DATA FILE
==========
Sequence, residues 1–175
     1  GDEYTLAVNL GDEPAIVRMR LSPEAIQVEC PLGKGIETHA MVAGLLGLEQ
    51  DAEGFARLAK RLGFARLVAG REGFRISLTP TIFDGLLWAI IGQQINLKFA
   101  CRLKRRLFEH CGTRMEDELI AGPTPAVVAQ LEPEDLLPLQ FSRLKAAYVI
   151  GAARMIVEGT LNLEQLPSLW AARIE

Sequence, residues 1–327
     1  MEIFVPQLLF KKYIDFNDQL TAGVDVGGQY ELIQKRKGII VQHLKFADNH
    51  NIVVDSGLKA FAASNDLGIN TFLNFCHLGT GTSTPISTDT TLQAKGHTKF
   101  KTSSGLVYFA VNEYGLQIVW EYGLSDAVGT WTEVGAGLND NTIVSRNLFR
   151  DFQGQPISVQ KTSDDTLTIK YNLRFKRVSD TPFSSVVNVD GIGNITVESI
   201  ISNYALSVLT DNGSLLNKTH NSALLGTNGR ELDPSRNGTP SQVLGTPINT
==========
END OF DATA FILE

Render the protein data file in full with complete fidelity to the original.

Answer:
Sequence, residues 1–175
     1  GDEYTLAVNL GDEPAIVRMR LSPEAIQVEC PLGKGIETHA MVAGLLGLEQ
    51  DAEGFARLAK RLGFARLVAG REGFRISLTP TIFDGLLWAI IGQQINLKFA
   101  CRLKRRLFEH CGTRMEDELI AGPTPAVVAQ LEPEDLLPLQ FSRLKAAYVI
   151  GAARMIVEGT LNLEQLPSLW AARIE

Sequence, residues 1–327
     1  MEIFVPQLLF KKYIDFNDQL TAGVDVGGQY ELIQKRKGII VQHLKFADNH
    51  NIVVDSGLKA FAASNDLGIN TFLNFCHLGT GTSTPISTDT TLQAKGHTKF
   101  KTSSGLVYFA VNEYGLQIVW EYGLSDAVGT WTEVGAGLND NTIVSRNLFR
   151  DFQGQPISVQ KTSDDTLTIK YNLRFKRVSD TPFSSVVNVD GIGNITVESI
   201  ISNYALSVLT DNGSLLNKTH NSALLGTNGR ELDPSRNGTP SQVLGTPINT